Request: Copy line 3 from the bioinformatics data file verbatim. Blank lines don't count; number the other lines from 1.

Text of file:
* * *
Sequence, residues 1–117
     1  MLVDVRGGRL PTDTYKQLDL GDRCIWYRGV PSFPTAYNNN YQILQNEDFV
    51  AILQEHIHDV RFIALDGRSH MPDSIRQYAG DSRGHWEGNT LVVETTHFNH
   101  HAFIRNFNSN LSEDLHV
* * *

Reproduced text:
    51  AILQEHIHDV RFIALDGRSH MPDSIRQYAG DSRGHWEGNT LVVETTHFNH